The NHS provides healthcare services free of cost, with the exception of dental and optical services and some prescriptions. It provides a wide range of healthcare services, including general treatment, vaccination, and advice on health problems, prescriptions, and examinations. It has a budget of approximately £108.9 billion ($171.2 billion) for 2012-2013, up from £105 billion ($167.3 billion) in 2011-2012 (Harker, 2012).
The government's resourceful healthcare policies and incentives for pharmaceutical R&D programs are expected to boost the growth of the healthcare market.
The government is taking steps to modernize the NHS to offer better healthcare services for UK citizens. It has accepted recommendations from the NHS Future Forum for modernization, including giving more commissioning powers to GPs and involving doctors and nurses in care commissioning. CountryFocus: Healthcare, Regulatory and Reimbursement Landscape - UK
In 2013, government allocated £50m ($79m) to adapt wards and care homes for people suffering from dementia and increased funding for dementia research to approximately £66 billion ($105.2 billion) by 2013. The government also planned to fund a £300m ($478.1m) program to build or renovate housing for people with long-term conditions, including dementia (DH, 2013b).
In 2011, the government established the Cancer Drugs Fund, into which it plans to release £200m ($320m) annually until 2013 to improve patient access to cancer drugs (DH, 2012c).
It has also allotted £800m ($1.28 billion) to enhancing R&D of groundbreaking medicines and treatment over the 2011-2016 period (DH, 2011).
In 2013, the government planned to reduce corporation tax to from 24% to 21% in 2014 and further to 20% in 2015 in order to attract foreign investment in the UK (HM Treasury, 2013a).
High expenditure on public healthcare, ongoing eurozone crisis, high government debt, increase in the unemployment rate, and a consistent decline in foreign direct investment has negatively impacted the overall performance of the UK economy.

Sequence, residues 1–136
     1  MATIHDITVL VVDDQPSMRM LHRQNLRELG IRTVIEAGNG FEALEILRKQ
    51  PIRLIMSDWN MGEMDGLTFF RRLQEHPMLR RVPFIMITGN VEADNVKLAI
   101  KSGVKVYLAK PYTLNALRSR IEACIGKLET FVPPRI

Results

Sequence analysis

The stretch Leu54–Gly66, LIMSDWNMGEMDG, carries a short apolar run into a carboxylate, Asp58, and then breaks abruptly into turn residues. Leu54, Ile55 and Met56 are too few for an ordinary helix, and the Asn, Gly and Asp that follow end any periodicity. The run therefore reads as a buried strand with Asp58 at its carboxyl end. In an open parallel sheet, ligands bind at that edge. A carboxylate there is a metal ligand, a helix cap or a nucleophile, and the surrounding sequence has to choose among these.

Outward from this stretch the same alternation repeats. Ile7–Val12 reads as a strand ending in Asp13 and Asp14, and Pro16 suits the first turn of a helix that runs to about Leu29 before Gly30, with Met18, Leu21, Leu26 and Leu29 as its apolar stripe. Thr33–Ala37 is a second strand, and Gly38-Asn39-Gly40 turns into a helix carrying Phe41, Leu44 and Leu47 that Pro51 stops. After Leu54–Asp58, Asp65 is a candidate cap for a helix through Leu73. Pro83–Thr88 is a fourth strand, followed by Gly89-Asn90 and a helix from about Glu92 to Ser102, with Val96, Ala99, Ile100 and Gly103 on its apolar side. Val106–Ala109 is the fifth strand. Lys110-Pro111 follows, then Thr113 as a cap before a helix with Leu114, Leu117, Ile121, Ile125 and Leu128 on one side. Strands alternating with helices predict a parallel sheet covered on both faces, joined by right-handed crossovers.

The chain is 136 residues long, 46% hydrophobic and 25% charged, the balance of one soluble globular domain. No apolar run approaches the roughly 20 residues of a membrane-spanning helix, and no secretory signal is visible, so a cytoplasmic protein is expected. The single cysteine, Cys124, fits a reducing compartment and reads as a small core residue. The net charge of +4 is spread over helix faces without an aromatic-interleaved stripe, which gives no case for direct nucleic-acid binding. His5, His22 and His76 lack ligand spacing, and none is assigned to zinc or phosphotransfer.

The UK has a huge budget deficit, ranked the third largest in Europe. The status of public finances is poor. Government net debt increased to 82.8% of Gross Domestic Product (NYSEMKT:GDP) in 2012 from 63.2% in 2009 (IMF, 2013). At the end of March 2013, public sector net debt was £1.19 billion ($1.87 billion), equivalent to 75.2% of GDP. Unemployment increased to 8% in 2012 from 5.2% in 2009 (IMF, 2013). Foreign Direct Investment (NYSE:FDI) in the UK in 2011 was approximately $36.2 billion, a decline of approximately $25 billion from 2010 levels due to the global economic downturn (The World Bank, 2013c).
The UK government has stated that funding allocated to the NHS will rise slowly in the 2011-2016 period.
The EU is the major trading partner of the UK. Approximately 50% of the UK's exports go to the EU countries. The ongoing eurozone crisis will impact negatively on the demand for the UK's goods and services. CountryFocus: Healthcare, Regulatory and Reimbursement Landscape - UK
In order to rebalance the economy the government has developed a National Infrastructure Plan with investment in critical infrastructure projects, and has also taken steps to attract major new private sector investment to the UK. It has also introduced a tough austerity program and has decided to implement massive cuts in public spending in order to reduce the deficit by 2015.